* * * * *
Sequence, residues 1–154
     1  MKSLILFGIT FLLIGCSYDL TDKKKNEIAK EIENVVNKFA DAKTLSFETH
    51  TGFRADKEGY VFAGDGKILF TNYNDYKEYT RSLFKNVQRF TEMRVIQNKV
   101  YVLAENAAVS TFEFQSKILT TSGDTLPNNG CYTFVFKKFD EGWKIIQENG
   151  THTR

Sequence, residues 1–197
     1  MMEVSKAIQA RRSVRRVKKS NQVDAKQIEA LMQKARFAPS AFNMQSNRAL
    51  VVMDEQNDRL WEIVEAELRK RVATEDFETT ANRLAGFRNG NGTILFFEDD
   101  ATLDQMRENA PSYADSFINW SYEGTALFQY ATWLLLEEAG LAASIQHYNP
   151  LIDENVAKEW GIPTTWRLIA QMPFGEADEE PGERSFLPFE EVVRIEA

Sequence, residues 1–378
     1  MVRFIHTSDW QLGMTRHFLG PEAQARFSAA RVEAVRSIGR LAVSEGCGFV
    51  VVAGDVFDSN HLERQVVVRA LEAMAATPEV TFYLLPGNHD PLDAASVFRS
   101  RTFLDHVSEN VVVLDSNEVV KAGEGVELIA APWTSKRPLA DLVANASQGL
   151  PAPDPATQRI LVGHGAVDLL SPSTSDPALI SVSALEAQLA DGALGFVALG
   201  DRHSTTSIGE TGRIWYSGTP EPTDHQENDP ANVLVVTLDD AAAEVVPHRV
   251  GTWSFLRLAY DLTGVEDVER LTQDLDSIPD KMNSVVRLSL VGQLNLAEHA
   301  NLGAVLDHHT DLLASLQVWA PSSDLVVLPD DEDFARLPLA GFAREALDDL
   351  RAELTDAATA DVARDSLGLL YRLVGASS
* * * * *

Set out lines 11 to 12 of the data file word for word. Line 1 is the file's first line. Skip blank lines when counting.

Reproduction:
Sequence, residues 1–378
     1  MVRFIHTSDW QLGMTRHFLG PEAQARFSAA RVEAVRSIGR LAVSEGCGFV